For most of American history, military legal institutions have largely escaped questions of legitimacy. The little attention they have received has primarily focused on the history, and sometimes competency, of courts-martial—the name given to military criminal trials. While an argument could be made that such studies indirectly address questions of legitimacy, the fact remains that military legal institutions operate in an environment in which their legitimacy is increasingly important and largely ignored.
In the past, the Supreme Court of the United States (“Court”) expressed deep concern over the competency of military trial courts. In one case, the Court held that “courts-martial as an institution are singularly inept in dealing with the nice subtleties of constitutional law.” It has also historically noted that “military tribunals have not been and probably never can be constituted in such way that they can have the same kind of qualifications that the Constitution has deemed essential to fair trials of civilians in federal courts.” Though, in decisions such as Noyd v. Bond and Parker v. Levy, the Court appeared to express implicit confidence in military appellate courts such as the United States Court of Appeals for the Armed Forces (“CAAF”) specifically, and perhaps by implication military appellate courts in general. But these institutions have largely escaped institutional scrutiny. By that I mean that individual decisions are analyzed, and perhaps a line of decisions are analyzed, but the institutions themselves often are not subject to analysis of whether they act as they ought to respective to their position in the military legal system and what that means for the military justice system as a whole.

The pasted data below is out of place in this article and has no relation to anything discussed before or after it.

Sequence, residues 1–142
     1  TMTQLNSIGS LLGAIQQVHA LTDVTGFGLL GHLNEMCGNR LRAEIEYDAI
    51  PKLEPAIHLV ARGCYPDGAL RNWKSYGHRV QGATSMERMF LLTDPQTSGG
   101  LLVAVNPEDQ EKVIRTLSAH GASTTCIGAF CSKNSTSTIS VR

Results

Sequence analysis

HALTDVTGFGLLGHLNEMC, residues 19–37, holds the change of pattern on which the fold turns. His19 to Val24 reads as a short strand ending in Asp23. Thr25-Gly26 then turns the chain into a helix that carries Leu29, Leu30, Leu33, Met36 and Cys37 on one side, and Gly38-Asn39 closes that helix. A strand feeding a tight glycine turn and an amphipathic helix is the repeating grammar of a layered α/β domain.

Professor Fallon, Jr., in his 2005 article Legitimacy and the Constitution, advanced three concepts of legitimacy – legal, sociological, and moral. ”That which is lawful is also legitimate.” Judicial rulings can be substantively legally legitimate, meaning they are correct or reasonable as a matter of law. They can also be authoritatively legitimate, meaning they are legally binding. From a sociological legitimacy perspective, institutions and decisions are legitimate if the “relevant public regards it as justified, appropriate, or otherwise deserving of support for reasons beyond fear of sanctions or mere hope for personal reward.” Some groups will view such institutions and decisions as legitimate, while others will not. Finally, legitimacy can be seen as morally justifiable or respect-worthy. There are two types of moral legitimacy. The first is a standard of justification all institutions should aspire to achieve, and minimum standards an institution must meet to deserve support or justify coercion of individuals.
One can disagree with a legal decision or institution, yet find it legally legitimate. One can also find an institution, or its decisions, legally legitimate, yet socially illegitimate because it or the process did not deserve respect or obedience. Regardless, they are usually authoritatively legitimate, meaning we will acquiesce to them even if we disagree they deserve respect. Finally, decisions and institutions are presumptively deemed morally legitimate. Claims of immoral legitimacy are generally accompanied by severe condemnations of abuses of power.